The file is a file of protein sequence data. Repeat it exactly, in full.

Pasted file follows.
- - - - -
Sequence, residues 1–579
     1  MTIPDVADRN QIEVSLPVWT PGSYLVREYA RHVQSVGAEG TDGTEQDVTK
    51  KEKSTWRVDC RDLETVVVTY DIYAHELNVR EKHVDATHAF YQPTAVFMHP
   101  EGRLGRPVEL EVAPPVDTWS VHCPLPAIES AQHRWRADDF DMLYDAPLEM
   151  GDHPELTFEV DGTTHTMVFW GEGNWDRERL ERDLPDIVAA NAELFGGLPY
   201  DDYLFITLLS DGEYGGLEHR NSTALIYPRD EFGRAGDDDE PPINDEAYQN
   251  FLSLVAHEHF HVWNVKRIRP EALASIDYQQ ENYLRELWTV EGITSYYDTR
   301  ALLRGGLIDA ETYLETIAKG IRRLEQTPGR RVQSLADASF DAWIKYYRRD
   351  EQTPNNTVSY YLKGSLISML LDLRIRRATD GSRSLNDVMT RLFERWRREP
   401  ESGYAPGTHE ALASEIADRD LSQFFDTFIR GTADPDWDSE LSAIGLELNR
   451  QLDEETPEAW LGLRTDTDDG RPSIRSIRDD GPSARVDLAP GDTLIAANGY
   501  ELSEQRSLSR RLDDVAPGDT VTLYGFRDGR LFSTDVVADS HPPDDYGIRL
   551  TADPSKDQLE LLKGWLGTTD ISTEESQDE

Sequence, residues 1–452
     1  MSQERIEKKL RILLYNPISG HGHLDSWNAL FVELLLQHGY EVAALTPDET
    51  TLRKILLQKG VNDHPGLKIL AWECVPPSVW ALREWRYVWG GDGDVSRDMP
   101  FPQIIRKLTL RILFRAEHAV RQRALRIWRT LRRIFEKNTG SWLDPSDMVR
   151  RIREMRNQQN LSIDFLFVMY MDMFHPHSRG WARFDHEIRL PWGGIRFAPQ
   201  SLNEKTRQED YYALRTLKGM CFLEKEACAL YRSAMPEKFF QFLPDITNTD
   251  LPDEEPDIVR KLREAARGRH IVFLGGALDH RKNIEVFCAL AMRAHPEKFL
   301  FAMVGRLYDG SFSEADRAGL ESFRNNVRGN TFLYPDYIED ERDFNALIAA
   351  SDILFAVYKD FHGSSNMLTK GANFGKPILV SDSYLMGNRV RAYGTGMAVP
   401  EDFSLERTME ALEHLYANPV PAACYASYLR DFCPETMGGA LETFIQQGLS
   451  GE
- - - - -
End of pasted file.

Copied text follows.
Sequence, residues 1–579
     1  MTIPDVADRN QIEVSLPVWT PGSYLVREYA RHVQSVGAEG TDGTEQDVTK
    51  KEKSTWRVDC RDLETVVVTY DIYAHELNVR EKHVDATHAF YQPTAVFMHP
   101  EGRLGRPVEL EVAPPVDTWS VHCPLPAIES AQHRWRADDF DMLYDAPLEM
   151  GDHPELTFEV DGTTHTMVFW GEGNWDRERL ERDLPDIVAA NAELFGGLPY
   201  DDYLFITLLS DGEYGGLEHR NSTALIYPRD EFGRAGDDDE PPINDEAYQN
   251  FLSLVAHEHF HVWNVKRIRP EALASIDYQQ ENYLRELWTV EGITSYYDTR
   301  ALLRGGLIDA ETYLETIAKG IRRLEQTPGR RVQSLADASF DAWIKYYRRD
   351  EQTPNNTVSY YLKGSLISML LDLRIRRATD GSRSLNDVMT RLFERWRREP
   401  ESGYAPGTHE ALASEIADRD LSQFFDTFIR GTADPDWDSE LSAIGLELNR
   451  QLDEETPEAW LGLRTDTDDG RPSIRSIRDD GPSARVDLAP GDTLIAANGY
   501  ELSEQRSLSR RLDDVAPGDT VTLYGFRDGR LFSTDVVADS HPPDDYGIRL
   551  TADPSKDQLE LLKGWLGTTD ISTEESQDE

Sequence, residues 1–452
     1  MSQERIEKKL RILLYNPISG HGHLDSWNAL FVELLLQHGY EVAALTPDET
    51  TLRKILLQKG VNDHPGLKIL AWECVPPSVW ALREWRYVWG GDGDVSRDMP
   101  FPQIIRKLTL RILFRAEHAV RQRALRIWRT LRRIFEKNTG SWLDPSDMVR
   151  RIREMRNQQN LSIDFLFVMY MDMFHPHSRG WARFDHEIRL PWGGIRFAPQ
   201  SLNEKTRQED YYALRTLKGM CFLEKEACAL YRSAMPEKFF QFLPDITNTD
   251  LPDEEPDIVR KLREAARGRH IVFLGGALDH RKNIEVFCAL AMRAHPEKFL
   301  FAMVGRLYDG SFSEADRAGL ESFRNNVRGN TFLYPDYIED ERDFNALIAA
   351  SDILFAVYKD FHGSSNMLTK GANFGKPILV SDSYLMGNRV RAYGTGMAVP
   401  EDFSLERTME ALEHLYANPV PAACYASYLR DFCPETMGGA LETFIQQGLS
   451  GE